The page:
The Battle

Some interpretations, starting in the Victorian era, place the Lancastrians with the River Nene at their back and state that they had dug entrenchments and gun emplacements facing southwards and uphill. In fact several contemporary accounts indicate that the camp was in an existing park on the south side of Delapre Abbey, or at least in the open fields of Hardingstone which lay between the Abbey, the village of Hardingstone and the Queen Eleanor Cross. It also seems that it may have been an existing park pale that was used by the Lancsatrian forces as a defence. Based on the sources the camp could have been oriented either North/South, in an area now known as “The Rookery”, making use of a water course known as the Fulbrook to provide a moat or ditch for the defences, or East/West on the modern golf course.

The advance guards of the two armies clashed, probably at St Leonard’s bridge, now culverted over.  This saw the Lancastrian contingent under “Lord Greriffin” routed by the Yorkists under John, Lord Scrope of Bolton. In the pursuit the Yorkists entered Northampton where much damage was done.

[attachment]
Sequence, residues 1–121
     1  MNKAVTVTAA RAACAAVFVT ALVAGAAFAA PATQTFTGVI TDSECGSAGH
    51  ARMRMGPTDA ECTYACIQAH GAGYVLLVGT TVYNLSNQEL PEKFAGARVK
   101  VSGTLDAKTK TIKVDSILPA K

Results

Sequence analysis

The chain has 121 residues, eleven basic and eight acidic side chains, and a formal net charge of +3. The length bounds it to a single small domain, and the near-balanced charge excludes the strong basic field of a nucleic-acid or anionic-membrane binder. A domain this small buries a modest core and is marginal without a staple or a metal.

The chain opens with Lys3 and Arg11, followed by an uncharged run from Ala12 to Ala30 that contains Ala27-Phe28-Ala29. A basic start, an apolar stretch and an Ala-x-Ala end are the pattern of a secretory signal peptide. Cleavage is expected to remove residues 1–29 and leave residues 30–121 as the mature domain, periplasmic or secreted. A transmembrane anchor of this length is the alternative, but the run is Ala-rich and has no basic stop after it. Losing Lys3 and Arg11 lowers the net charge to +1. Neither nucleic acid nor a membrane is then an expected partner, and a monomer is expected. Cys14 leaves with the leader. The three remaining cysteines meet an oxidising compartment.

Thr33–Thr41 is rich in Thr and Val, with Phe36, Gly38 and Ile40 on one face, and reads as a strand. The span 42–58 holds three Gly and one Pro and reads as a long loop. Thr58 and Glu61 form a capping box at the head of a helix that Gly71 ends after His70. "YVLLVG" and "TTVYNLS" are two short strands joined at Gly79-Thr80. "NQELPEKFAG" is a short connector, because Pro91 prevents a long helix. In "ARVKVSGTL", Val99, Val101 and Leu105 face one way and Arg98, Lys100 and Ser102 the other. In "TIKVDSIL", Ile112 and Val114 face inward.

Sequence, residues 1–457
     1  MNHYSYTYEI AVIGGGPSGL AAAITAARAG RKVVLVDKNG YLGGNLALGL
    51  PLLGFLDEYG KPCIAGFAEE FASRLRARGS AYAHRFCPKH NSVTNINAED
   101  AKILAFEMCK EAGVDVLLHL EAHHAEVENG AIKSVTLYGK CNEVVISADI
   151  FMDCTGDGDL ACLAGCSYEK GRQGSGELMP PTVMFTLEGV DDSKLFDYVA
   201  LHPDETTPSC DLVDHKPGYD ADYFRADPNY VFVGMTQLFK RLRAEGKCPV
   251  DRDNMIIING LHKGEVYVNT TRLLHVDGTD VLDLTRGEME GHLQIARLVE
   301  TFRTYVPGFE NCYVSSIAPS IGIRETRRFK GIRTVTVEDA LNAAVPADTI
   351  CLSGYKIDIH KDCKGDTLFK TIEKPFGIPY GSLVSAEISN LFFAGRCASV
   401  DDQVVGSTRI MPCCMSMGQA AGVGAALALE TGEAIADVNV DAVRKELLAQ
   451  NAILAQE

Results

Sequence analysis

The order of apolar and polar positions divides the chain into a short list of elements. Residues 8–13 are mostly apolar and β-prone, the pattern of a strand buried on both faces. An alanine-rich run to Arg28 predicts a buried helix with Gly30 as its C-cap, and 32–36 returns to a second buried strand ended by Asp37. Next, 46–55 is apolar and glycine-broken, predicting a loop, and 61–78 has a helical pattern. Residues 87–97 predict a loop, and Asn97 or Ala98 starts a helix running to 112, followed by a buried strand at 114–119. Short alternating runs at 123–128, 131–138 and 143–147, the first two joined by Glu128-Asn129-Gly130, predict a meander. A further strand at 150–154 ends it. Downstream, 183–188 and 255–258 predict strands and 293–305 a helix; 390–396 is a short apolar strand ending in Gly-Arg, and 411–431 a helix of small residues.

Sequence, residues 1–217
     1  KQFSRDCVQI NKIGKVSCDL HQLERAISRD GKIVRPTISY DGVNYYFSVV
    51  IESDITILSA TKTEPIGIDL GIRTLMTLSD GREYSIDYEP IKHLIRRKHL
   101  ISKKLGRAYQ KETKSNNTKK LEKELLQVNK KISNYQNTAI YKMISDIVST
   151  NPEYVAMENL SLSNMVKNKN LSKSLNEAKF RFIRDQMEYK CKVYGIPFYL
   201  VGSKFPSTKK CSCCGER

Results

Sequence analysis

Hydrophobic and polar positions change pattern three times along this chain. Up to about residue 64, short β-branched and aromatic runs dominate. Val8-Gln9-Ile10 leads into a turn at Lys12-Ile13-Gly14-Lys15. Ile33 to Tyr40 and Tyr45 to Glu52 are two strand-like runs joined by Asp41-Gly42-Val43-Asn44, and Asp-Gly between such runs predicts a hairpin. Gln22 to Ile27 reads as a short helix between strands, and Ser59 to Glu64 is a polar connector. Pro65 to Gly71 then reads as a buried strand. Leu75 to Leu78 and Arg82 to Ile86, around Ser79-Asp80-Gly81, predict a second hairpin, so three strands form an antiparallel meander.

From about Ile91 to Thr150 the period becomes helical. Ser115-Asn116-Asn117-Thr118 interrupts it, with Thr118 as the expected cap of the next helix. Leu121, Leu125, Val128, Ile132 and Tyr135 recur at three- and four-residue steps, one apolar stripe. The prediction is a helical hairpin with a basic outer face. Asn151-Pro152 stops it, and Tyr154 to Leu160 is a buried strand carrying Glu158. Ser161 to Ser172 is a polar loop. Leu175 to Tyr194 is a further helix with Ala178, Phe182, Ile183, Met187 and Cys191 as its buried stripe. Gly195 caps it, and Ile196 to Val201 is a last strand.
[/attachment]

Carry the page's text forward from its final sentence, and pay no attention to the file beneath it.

The Yorkist main army deployed either to the south of the Lancastrian fortification, along the top of Hardingstone Hill, or to the west, along the line of the modern A508 road, and, possibly in pouring rain, advanced towards the enemy in the valley bottom.

The battle was over in remarkably short time, perhaps only half an hour. The Lancastrians were hampered by the rain either on the day or from the day before flooding their gun positions. This, or some other, unknown, reason made their artillery ineffective. However, the ditch and the fortifications still made a considerable obstacle, until  Sir Edmund Grey changed allegiance to the Yorkist side during the course of the battle and his men helped the attackers into the camp. After this intervention the battle was over swiftly. The King was captured and many of the Lancastrian nobles were killed, including the Duke of Buckingham, the Earl of Shrewsbury, Viscount Beaumont and Sir Thomas Percy, Lord Egremont. Many of the common soldiers seem to have drowned in the rout as they fled the battle across the River Sandiforde Mill.


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